If you like this book then try Yellow dress day by Michelle Worthington and Sophie Norsa, Nana's colours by Pamela Allen, How do dinosaurs learn their colours by Jane Yolen and Mark Teague, and The splendid spotted snake by Betty Ann Schwartz and Alexander Wilensky.

~ Reviewed by Elspeth Sweetman

Saturday, March 23, 2013

Tiny Miss Dott and her Dotty Umbrella by Michelle Osment

Meet Miss Dott the awesome charity store volunteer, who incidently, has a beautiful dotty green coat with mismatched buttons and a gorgeous green bag and tights. While at her volunteer job, her beautiful yellow dotty umbrella, which she leaves just outside the front door, has a little adventure all of its own. At hometime, Miss Dotty collects her umbrella from just outside the store where she had left it a few hours earlier. The sun has come out, it is a beautiful day and Miss Dotty is delighted that she didn't need her umbrella after all.

A delightful story, beautiful illustrations, bright and bold and I bet you can feel the raindrops as they fall. This is a story that bounces along with a lovely rhythm. A great book to read aloud and the kids are going to get the hang of those read out loud words really quickly. I don't know why it took me so long to notice it. Themes in the book surrounding kindness, sharing, friendship and appreciation. Miss Dott is one very cool lady and she is not afraid to give it a whirl "with a twist and a twirl" to an old gramophone on occasion.

This book was also the recipient of the Storylines Joy Cowley award in 2008. Other Michelle Osment books include the character Percy the Pukeko (a swamp bird). I like the one about crossing the road safely, a pukeko definitely needs to know how to do this (and perhaps a few children might as well). Beautifully illustrated, lovely to read aloud.

~Reviewed by Thyme

Monday, March 4, 2013

The Usborne Big Book of Holiday. Things to make and do.

In the tradition of all good Usborne books, you know, even before you open the cover, that this book is going to attractively set out with clear and concise information, and that you are going to pleasantly entertained, one way or the other. "The Usborne Big Book of Holiday Things to make and do" does not disapoint.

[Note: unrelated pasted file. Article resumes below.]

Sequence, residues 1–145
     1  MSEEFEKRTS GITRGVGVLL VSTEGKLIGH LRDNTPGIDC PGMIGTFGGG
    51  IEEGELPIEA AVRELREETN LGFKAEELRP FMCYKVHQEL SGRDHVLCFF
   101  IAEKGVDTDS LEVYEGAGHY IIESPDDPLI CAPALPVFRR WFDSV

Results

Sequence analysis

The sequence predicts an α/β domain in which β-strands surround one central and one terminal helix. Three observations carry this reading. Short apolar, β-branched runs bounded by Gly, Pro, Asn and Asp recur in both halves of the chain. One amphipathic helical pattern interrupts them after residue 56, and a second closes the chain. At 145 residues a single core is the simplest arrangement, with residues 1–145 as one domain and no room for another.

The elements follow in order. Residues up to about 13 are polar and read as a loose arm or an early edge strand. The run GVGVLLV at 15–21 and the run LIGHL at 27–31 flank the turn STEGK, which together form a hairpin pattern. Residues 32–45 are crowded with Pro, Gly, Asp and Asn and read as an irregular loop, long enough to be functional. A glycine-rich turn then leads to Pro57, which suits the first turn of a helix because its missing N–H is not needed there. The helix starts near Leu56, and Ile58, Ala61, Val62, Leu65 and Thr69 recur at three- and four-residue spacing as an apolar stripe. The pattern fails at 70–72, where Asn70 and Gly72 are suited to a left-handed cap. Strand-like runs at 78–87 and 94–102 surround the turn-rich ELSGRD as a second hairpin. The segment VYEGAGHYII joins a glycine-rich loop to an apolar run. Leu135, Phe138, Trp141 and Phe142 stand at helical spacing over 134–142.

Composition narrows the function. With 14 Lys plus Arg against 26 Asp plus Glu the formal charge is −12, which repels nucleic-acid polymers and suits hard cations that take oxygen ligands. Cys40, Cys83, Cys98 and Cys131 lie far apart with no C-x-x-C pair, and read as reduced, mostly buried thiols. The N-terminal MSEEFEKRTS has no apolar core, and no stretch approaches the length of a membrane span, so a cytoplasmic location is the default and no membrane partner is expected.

Not messing around, you dive straight from the title page to the first of many colorful pastel pages - the chapter index of all the marvelous arts and craft compiled within - Pirate treasure map pg 4, Collage fish pg 34, Painted plant pot pg 52, Mermaid Tiara pg 74….. the list of goes on - an even supply of classic gender favorites themes…. mermaids and pirates, fairies and farmyards etc,

You can tell that a lot of thought has gone into the planning of each of these activities. In fact because of the way each activity can be made fairly much on a shoestring, with lots of use of recycled and easily sourced materials, and seems to cater perfectly for young attention span's, you get the impression that the authors/creators of the this book may have had experience with teaching. You could just as easily see this being used as a teachers reference book for the class room, as you could a book for holiday or maybe children's party entertainment idea's. Each activity has been mapped out with clear precision - step by step by step, almost color by numbers. The odd's are high for a room of happy children having followed the formula, walking away with an piece of art, just like the one in the book.

As a child, this is just the sort of book that I would have picked up and had a go at. Being a bit of tomboy, I would have been equally as enticed to make the pirate sword as the fairy wings, and would have had a great time choosing what to do next. As an adult, I feel that this book offer's many great arts and craft skills and idea's and although quite prescribed, would allow for all levels of accomplishment, to achieve an artwork, while allowing those more adventurous, a great starting place, with clear instructions on techniques.

~ Reviewed by Aquilegia.

Monday, February 18, 2013

Granny Grommet and Me by Dianne Wolfer and Karen Blair

Grandparents are amazing, they know so much, can do so much - and some of us are lucky enough to have memories built by spending time with our grandmothers and grandfathers.  One child spends time with their grandmother down at the beach, and spends time with the Granny Grommets as they paddle, surf, and dive.  It is a chance to spend time with a much loved family member and her friends, but it is also the chance to gain the courage to try something new.

This is a story for grandmothers to share with their children, or to share with any child that needs a reminder of just how special grandmothers can be.  There is no preaching, no hidden meanings, it is just a story where a child learns something amazing simply because they spend time with their granny.  The illustrations are simple and match the story well, and because the child is not named, and because of their androgynous features and hairstyle the story works well for boys and for girls.

If you like this book then try The great granny gang by Judith Kerr, Countdown to Grandma's house by Debra Mostow Zakarin and Stacy Peterson, Nana's colours by Pamela Allen, and The grandma book by Todd Parr.

~ Reviewed by Elspeth Sweetman